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[Oral Presentation] Contributions to the conservation of genetic resources of Coffee in the Democratic Republic of Congo

Research output: Chapter in Book/Report/Conference proceedingC3: Conference Abstract

Robusta and Arabica are the most important cultivated and commercialized coffee species. Numerous publications and reports are warning for the impact of climate change on coffee production. In the context of the adaption of the coffee culture to climate change and the quest for resistance of coffee trees to emerging pests, crop wild relatives are very important genetic resources. They can be a source of traits for breeding, or even as alternative species as a whole for production (cf. the introduction of Robusta coffee in the early twentieth century). Several studies suggest that Coffea arabica has evolved in the Rift region through one hybridization event between Coffea canephora (‘Robusta’) and Coffea eugenioidesis. Therefore West and Central Africa, including the (Albertine) Rift Region, are particularly interesting as they are the homeland of currently cultivated coffee (cf. Hamon et al. 2017). The Congo basin and the Kivu are housing a very important stock of genetic resources, but they are seriously underrepresented in coffee gene banks, both locally and globally.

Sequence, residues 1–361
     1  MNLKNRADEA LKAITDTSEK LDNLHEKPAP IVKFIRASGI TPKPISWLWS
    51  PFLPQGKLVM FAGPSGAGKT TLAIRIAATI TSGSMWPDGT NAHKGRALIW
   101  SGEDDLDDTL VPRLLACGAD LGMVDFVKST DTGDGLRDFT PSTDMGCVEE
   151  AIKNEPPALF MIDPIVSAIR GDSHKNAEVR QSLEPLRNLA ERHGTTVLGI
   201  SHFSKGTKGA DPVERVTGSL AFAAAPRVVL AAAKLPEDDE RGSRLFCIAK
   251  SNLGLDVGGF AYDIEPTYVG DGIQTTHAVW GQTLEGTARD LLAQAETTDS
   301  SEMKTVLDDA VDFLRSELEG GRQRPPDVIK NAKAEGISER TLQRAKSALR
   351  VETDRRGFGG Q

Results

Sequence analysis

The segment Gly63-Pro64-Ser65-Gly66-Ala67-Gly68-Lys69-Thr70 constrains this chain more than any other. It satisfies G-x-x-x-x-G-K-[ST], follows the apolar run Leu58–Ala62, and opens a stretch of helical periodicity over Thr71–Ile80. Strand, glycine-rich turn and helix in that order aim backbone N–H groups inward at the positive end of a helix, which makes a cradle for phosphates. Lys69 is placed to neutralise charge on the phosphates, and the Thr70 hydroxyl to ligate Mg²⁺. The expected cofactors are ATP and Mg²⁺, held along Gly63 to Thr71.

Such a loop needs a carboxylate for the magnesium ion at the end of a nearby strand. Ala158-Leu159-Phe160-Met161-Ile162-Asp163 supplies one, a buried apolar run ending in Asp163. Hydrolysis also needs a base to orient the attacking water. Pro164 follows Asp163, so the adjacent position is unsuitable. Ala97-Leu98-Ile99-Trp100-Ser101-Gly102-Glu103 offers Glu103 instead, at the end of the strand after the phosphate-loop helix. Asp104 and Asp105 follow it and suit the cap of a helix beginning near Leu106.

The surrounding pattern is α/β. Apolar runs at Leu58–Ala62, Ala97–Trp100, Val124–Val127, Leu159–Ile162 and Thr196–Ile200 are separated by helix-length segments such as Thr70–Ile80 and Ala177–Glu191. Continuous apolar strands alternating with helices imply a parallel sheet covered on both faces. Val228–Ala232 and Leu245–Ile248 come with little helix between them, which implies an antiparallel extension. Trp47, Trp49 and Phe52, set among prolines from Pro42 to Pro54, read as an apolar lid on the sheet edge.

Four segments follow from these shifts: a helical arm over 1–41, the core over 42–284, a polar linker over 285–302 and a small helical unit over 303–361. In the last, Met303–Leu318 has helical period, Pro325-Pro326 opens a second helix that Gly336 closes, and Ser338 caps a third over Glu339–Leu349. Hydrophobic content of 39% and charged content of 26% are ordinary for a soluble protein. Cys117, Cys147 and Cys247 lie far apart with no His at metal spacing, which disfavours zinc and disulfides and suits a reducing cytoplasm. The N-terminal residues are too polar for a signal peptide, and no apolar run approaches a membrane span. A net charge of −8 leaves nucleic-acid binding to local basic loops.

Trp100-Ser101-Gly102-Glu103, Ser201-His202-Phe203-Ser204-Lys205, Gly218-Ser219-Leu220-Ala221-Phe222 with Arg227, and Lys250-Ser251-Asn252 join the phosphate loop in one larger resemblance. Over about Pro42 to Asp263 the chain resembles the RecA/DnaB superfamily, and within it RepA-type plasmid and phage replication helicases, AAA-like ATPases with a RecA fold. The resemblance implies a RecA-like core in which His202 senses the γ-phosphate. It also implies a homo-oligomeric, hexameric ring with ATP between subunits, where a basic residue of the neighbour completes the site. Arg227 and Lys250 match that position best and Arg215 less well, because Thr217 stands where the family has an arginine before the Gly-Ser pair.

Meise Botanic Garden has been studying the wild diversity of Coffea in Central and West Africa for almost 25 years and is a reference for the knowledge on wild coffee diversity. Recently the Garden started two projects aiming to better conserve the genetic diversity of Coffea in the Democratic Republic of Congo. In a first project, the Garden is assisting local partners to evaluate and rehabilitate the existing Coffea canephora (Robusta) collection of the INERA Yangambi. Local staff is being trained and the coffee collections of the INERA are being enriched with ‘new’ genetic diversity collected in the wild and in backyards. In a second project, Meise Botanic Garden will contribute to the ex-situ conservation and knowledge on Coffee in the Kivu (with a focus on the high altitude forests and an endemic species from these forests). This project runs in collaboration with local universities, research institutes and an NGO supporting local coffee farmer cooperations.
With these project the Garden aims to increase knowledge on coffee in the region, to train local researchers and agronomists and to contribute to the conservation of and the access to the genetic resources of coffee in Democratic Republic of Congo. The first results will be illustrated and discussed.
Original languageEnglish
Title of host publicationASIC Conference 2018
Publication date2018
Publication statusPublished - 2018
Event27th Conference of The Association for Science and Information on Coffee (ASIC) - Portland, United States
Duration: 16-Sept-201820-Sept-2018
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